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proportion thereto their advantages over other points and cities having no water transportation or served by fewer lines of railroad. Courts and commissions must and do recognize these differences, as do carriers in fixing their freight rates."
No appeal was taken by the Commission from the decision of the Circuit Court in this case.
“The fallacy involved is that Hampton, which is an inland
place, with no natural advantages, shall be put upon the same footing as Palatka.”—Decision of the Circuit Court in this case.
The complainant before the Commission alleged violation of the long and short haul clause of the law, in that rates from St. Louis, Nashville, and Chattanooga to Hampton, Florida, were higher than on shipments of similar freight through Hampton to Palatka, Florida. It was also alleged that the rates in question were unjust and unreasonable in themselves and afforded an undue and unreasonable preference and advantage to dealers in Palatka. The defendants denied that the conditions were substantially similar and insisted that the rates to Palatka were controlled by the water route between Jacksonville and Palatka on the St. Johns river. The Commission thought that somewhat higher rates to Hampton than to Palatka were justified, but that the Third and Fourth sections were violated by those then in force. It indicated the opinion that the excess over the Palatka rate on first class freight which could be allowed on traffic destined to Hampton, would not be more than 10 cents per 100 pounds, and that similar differentials should be allowed on the lower classes. This opinion being rendered on March 10, 1900, the Commission said that “no order will be made in this case now. If by May 1, next, the rates in question have been readjusted in substantial accordance with this opinion the complaint will be dismissed; otherwise the order will issue in the premises." The Circuit Court dismissed a petition to enforce the order of the Commission, but without rendering a written opinion. Appeal was taken and the Circuit Court of Appeals affirmed the decree of the Circuit Court. The Court said:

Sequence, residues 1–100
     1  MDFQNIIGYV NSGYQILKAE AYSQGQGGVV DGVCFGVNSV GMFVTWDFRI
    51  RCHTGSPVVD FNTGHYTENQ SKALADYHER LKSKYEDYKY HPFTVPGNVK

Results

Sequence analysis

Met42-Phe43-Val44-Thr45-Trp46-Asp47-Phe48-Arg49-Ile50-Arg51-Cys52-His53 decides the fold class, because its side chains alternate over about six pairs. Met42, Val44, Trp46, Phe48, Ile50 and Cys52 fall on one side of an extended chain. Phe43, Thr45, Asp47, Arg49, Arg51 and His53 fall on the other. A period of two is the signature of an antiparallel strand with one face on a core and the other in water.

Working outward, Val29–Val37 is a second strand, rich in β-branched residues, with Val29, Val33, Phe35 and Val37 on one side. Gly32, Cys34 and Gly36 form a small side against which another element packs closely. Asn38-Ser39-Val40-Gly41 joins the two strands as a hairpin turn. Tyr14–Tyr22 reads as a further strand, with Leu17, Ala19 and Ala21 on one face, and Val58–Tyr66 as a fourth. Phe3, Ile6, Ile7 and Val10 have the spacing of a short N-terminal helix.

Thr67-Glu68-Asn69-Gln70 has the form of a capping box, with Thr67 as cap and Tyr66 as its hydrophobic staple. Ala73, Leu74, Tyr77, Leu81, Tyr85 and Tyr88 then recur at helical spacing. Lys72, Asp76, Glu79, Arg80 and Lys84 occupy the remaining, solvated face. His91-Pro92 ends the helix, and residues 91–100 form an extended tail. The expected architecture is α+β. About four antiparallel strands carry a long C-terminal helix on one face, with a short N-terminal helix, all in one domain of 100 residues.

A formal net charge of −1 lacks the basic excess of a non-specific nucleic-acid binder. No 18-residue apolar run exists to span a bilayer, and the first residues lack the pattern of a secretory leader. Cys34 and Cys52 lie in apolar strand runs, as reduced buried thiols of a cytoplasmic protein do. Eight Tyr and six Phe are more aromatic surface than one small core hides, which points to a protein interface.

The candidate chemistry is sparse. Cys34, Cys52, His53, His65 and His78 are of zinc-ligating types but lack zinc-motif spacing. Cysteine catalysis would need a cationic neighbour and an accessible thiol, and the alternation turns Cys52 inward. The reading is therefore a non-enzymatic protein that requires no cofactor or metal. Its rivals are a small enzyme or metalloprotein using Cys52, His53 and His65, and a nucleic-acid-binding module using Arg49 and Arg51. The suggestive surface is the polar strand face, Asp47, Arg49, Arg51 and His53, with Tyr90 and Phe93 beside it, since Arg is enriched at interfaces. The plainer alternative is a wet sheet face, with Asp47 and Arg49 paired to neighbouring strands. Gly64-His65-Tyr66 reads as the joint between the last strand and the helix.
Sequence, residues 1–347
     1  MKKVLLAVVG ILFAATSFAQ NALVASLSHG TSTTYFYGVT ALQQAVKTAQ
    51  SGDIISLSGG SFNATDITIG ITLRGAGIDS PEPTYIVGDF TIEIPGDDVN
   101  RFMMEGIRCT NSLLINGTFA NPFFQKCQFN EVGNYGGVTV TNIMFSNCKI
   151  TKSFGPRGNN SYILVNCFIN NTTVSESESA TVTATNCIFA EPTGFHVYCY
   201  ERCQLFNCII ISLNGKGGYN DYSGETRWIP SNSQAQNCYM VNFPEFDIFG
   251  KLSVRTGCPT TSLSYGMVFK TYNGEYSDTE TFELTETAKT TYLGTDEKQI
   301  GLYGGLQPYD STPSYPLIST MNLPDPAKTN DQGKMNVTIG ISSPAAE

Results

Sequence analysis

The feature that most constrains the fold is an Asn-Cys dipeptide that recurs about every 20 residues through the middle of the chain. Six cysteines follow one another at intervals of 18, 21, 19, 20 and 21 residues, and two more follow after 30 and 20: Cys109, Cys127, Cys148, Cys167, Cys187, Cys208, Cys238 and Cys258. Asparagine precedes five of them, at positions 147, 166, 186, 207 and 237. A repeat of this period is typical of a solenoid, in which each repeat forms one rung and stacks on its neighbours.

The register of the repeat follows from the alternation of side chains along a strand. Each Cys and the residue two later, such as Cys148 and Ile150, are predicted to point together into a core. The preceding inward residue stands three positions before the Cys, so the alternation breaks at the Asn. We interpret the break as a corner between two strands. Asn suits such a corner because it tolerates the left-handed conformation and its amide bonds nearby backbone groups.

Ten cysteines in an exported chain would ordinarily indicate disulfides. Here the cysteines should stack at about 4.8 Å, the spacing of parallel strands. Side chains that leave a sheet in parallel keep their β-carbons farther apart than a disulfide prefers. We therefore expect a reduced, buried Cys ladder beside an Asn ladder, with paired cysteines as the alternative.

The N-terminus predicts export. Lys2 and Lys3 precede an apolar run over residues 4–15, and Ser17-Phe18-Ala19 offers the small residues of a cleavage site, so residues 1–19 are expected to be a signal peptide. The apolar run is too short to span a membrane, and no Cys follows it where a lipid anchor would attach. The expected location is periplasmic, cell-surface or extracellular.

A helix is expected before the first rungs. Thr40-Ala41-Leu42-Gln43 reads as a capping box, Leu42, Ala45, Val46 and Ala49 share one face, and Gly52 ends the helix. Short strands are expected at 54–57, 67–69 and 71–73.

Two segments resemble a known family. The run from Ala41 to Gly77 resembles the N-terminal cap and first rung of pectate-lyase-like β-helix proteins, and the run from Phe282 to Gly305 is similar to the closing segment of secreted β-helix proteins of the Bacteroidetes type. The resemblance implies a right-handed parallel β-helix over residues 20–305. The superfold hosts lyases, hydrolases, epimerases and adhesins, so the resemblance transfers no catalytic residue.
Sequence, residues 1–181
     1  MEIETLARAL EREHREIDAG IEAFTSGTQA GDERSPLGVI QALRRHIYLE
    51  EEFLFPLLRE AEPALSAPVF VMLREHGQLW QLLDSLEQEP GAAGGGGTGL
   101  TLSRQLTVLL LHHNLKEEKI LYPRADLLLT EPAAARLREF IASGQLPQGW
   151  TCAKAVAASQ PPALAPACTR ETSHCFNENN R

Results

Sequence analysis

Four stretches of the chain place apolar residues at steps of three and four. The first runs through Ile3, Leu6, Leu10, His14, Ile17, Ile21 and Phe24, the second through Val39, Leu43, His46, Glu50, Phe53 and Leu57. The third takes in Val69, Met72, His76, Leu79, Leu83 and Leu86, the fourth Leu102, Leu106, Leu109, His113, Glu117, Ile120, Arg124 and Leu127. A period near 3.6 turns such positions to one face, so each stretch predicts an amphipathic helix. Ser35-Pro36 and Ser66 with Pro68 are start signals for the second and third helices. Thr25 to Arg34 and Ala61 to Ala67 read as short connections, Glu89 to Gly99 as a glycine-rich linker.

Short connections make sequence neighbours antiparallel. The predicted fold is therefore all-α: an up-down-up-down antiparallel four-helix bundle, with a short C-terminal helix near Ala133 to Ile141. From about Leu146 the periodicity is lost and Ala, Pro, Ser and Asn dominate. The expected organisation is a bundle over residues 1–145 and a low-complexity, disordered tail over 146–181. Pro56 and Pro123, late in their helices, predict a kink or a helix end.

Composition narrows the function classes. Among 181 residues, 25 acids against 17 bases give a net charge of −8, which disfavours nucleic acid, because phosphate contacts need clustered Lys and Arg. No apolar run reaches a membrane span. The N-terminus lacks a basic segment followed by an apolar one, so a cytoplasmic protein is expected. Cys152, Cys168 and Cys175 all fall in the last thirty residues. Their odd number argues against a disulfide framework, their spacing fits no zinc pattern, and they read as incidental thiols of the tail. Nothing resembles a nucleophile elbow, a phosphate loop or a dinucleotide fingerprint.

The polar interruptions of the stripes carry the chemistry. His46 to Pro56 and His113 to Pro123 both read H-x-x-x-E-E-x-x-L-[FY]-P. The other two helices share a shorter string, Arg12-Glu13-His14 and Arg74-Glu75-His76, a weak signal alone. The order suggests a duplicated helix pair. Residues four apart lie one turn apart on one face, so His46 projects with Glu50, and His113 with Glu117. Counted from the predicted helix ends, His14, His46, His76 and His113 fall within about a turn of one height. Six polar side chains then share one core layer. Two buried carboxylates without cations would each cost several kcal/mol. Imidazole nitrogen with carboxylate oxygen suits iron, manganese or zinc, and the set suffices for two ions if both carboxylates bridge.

*Board of Trade of the City of Hampton, Florida, vs. Nashville, Chattanooga, and St. Louis Railway Company et al.; Interstate Commerce Commission (8 Inter. Com. Rep. 503), decided March 10, 1900. Interstate Commerce Commission vs. Nashville, Chattanooga and St. Louis Railway Company et al.; Circuit Court of Appeals, Fifth Circuit (120 Fed. Rep. 934), decided Feb. 24, 1903.